Just 3 weeks ago, Colleague C was asking what would be a good and safe investment. Colleague E replied that he prefers bond when the market is in messy mode. Reported in Straits Times was about bondholders starting at huge losses due to troubles at Swiber Holdings. It has just filed a winding-up application, and its directors have resigned to pursue their own interests. This was unexpected because Swiber has been active the bond market and has launched 20 bond issues since 2008. Earlier, two other bond issuers; Trikomsel Oke and Pacific Andes Resources Development had also failed to make payments on their notes.
According to Mr Terence Lin, assistant director of bonds and portfolio management at fund researcher iFast, Swiber’s bonds were a risky bet. This was an issuers who was one of the heaviest borrowers in the offshore and marine industry. This industry is in a bad shape currently due to weak oil prices. The following are the banks who managed Swiber’s 20 issues. DBS has managed 12, along with banks such as ANZ, RHB, Citibank, HSBC, ICBC and OCBC. These bonds, which come with a minimum investment of around $250,000, are typically placed to institutional and sophisticated investors, including insurance firms, asset managers, corporates and high net-worth individuals.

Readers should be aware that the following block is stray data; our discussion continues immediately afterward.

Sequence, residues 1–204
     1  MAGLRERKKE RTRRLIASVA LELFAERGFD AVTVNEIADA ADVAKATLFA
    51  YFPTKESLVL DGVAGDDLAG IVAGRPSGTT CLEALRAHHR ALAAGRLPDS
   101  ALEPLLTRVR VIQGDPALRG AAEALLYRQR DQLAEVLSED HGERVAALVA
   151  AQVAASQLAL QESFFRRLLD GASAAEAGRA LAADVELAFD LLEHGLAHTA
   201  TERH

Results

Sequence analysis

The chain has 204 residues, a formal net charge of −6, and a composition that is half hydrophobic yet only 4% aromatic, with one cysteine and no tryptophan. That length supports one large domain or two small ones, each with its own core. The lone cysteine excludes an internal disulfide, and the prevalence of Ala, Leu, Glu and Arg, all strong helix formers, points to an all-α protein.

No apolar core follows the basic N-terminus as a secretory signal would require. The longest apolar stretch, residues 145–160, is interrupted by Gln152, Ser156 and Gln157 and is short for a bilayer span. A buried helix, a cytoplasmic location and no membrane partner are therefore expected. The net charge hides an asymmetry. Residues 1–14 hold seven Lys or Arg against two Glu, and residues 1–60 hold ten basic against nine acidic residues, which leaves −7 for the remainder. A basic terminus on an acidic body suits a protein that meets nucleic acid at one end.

It was also reported in the article also that bankers’ commission for the issues can be as high as 1 percent. With 4 – 6 percent yields, it is extremely attractive when compared to the current low deposit interest rates. Currently, Swiber has four outstanding Singdollar-denominated and one yuan-denominated bonds.Total amount for these amounted to $551.8 million. I have been investing in funds for the past 15 years. I seldom see bond funds as attractive and there were just one or two occasions that my fund manager changed my equity funds into bond funds. Moving forward perhaps even for bond funds we should find out where are these funds invested in and that potential for big losses, especially with extremely attractive returns when compared to the fixed deposit rates. Full article in straitstimes here.
written on 7 Aug 2016
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